On the EPA and Climate Change:
"INTERVIEWEE: Yes. I have a more recent example, which makes me think that I now have two points of data, if you want to jump to the more recent example.
INTERVIEWER: I think we can start to do that.
INTERVIEWEE: This more recent example jumps all the way to 2000 to 2006, when we end up with Republicans through the whole chain of command and in Congress. So I guess I did put down that I currently teach the basic course in climate change at Penn.
INTERVIEWEE: I start to get involved in climate change-related issues 2003-2004, and I won’t go into the whole project and everything unless you want me to go into it later, but the bottom line is I find out when I take my boss who, at the time, was the Director of the Office of Water in headquarters with me to go talk to the…Actually, he wasn’t the Director of Waters, the next level down was the Director of one of the Water Program Divisions in headquarters to talk to his counterpart about a joint project and being told that not only are we not allowed to talk about climate change, but that they hadn’t actually updated the website between 2000 and 2006.
INTERVIEWER: They had done nothing on the website.
INTERVIEWER: This is with regard to climate change.
INTERVIEWEE: Correct. You know, the hearings started in Congress in the late 80s. The project that got me there that resulted in me finding out that EPA’s Air Office was not allowed to discuss climate change—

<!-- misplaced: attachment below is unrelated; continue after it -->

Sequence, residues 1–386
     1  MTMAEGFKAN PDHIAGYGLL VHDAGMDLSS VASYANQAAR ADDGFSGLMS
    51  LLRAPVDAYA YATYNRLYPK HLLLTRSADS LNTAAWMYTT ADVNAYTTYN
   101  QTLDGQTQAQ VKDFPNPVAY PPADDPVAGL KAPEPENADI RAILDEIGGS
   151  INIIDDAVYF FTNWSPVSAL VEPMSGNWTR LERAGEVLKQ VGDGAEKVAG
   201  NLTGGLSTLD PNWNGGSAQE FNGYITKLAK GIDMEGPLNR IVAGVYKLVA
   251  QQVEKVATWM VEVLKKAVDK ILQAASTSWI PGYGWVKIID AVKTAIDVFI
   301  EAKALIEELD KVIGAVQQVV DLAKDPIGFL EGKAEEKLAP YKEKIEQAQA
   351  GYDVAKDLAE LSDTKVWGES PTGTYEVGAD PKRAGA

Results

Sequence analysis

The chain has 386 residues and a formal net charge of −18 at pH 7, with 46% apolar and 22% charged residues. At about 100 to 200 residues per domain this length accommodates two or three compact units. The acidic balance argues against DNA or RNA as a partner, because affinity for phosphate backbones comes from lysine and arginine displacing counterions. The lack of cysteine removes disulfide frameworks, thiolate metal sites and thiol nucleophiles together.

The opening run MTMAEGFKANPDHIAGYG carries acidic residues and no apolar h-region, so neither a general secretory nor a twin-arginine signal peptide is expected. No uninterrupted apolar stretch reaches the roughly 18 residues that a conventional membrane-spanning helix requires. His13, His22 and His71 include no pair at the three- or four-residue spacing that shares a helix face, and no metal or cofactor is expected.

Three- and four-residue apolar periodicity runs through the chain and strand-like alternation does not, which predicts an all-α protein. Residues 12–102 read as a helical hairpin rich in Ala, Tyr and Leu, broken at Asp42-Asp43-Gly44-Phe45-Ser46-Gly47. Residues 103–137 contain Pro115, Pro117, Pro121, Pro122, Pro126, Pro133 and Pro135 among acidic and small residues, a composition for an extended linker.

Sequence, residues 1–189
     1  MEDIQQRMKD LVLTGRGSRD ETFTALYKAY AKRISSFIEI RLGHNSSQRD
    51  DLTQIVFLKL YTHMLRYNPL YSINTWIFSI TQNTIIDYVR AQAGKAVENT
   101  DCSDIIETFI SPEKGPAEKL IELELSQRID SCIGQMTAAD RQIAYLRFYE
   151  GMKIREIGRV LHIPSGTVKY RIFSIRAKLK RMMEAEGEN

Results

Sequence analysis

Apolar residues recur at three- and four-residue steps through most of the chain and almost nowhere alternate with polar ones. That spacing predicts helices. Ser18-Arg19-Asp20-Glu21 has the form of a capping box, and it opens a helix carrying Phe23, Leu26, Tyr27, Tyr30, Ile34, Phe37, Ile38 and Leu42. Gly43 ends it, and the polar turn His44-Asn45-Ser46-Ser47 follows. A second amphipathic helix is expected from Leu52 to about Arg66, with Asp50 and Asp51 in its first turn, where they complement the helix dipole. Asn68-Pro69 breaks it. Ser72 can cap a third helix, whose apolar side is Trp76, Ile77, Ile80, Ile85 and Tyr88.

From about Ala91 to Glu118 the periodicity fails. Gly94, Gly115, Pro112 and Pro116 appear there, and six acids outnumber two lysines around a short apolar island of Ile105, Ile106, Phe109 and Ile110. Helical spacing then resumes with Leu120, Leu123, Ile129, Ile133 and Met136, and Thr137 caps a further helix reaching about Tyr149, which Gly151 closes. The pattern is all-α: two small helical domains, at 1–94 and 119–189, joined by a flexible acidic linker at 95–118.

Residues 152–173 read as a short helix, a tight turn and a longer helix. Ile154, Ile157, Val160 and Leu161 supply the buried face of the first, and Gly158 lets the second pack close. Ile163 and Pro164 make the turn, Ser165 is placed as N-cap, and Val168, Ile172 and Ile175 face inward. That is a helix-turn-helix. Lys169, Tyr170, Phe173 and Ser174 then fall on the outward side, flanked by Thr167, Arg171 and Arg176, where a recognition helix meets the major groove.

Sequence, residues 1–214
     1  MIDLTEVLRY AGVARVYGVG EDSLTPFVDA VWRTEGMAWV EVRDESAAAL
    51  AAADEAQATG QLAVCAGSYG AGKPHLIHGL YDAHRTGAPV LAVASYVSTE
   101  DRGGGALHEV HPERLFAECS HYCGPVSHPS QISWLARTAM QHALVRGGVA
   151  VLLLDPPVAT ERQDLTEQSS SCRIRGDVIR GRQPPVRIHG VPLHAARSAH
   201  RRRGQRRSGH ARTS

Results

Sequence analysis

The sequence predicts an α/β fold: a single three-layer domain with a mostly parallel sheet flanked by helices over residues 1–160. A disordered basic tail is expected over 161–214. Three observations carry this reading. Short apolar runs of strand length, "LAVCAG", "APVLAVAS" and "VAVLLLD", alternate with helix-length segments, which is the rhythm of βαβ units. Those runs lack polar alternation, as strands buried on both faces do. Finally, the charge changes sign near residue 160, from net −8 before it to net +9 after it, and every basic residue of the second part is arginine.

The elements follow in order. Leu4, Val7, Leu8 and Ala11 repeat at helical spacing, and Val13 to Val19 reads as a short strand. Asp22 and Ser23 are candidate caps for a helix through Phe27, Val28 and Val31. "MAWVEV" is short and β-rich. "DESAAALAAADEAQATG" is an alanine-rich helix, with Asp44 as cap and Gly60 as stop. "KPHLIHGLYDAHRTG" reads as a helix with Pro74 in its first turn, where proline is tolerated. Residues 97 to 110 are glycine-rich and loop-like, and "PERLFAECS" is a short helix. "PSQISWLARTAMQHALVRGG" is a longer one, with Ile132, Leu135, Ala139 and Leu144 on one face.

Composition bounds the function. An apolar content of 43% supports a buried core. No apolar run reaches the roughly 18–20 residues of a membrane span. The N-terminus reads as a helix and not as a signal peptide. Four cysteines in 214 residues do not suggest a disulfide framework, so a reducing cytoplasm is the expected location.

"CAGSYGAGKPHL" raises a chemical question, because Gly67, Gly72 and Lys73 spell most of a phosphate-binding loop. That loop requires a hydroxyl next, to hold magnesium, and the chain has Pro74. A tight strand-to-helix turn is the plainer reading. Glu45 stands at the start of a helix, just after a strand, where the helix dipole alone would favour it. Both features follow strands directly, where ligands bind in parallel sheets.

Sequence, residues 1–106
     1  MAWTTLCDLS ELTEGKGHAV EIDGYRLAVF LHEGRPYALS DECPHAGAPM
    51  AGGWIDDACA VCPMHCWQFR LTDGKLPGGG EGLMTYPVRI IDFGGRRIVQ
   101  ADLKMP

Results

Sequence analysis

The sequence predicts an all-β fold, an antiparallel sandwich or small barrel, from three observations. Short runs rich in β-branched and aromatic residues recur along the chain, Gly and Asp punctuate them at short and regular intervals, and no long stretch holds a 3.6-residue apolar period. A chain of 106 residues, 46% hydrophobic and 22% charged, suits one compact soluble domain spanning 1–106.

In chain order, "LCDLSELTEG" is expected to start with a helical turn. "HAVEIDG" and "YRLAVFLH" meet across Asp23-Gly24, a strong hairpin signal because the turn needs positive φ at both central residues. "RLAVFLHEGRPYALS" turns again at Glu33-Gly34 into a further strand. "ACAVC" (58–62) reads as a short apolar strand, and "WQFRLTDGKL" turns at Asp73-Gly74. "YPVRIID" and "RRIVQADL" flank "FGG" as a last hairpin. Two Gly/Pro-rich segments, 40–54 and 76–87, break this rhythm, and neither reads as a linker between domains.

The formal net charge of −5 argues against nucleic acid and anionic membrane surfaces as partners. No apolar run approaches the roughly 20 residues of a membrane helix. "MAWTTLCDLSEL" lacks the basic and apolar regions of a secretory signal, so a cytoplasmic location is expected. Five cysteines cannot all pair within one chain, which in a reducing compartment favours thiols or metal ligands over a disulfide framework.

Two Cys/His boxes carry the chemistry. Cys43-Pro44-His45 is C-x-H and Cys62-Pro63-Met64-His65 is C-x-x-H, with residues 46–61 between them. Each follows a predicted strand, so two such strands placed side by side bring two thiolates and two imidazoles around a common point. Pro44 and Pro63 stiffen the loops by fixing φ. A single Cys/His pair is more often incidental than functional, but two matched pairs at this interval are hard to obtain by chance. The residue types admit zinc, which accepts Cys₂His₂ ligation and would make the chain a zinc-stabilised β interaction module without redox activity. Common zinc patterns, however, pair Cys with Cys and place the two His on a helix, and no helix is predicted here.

INTERVIEWER: Was that kind of a mandate?
INTERVIEWEE: I have no idea. The implication I had gotten, not just from that but from other things I’d heard in the Office of Water who I was working for at the time, was basically the Department of Interior Secretary is running the Environmental Policy for this Administration.
INTERVIEWER: That would suggest that this person, I forget the name, who was Department of Interior?
INTERVIEWEE: I don’t remember.
INTERVIEWER: But this person was also calling the shots directly or indirectly for EPA as well in terms of what the Air Office was doing.
INTERVIEWEE: Yes, policy at that level, it’s hard to tell who’s calling policy whether it’s being operated out of the White House. Sometimes a lot of the calls get made out of the White House it seems. Sometimes the administrators and the Secretaries of the Interior are given a lot of freedom. It’s hard to understand and I only have hearsay as to how it might be. […]"
 Gale A. Norton was the U.S. Department of the Interior Secretary from 2001-2006 under President George W. Bush.
ETM SBU 003, interview by Christopher Sellers (Environmental Data & Governance Initiative, 2020).
Environmental Data & Governance Initiative Oral History Project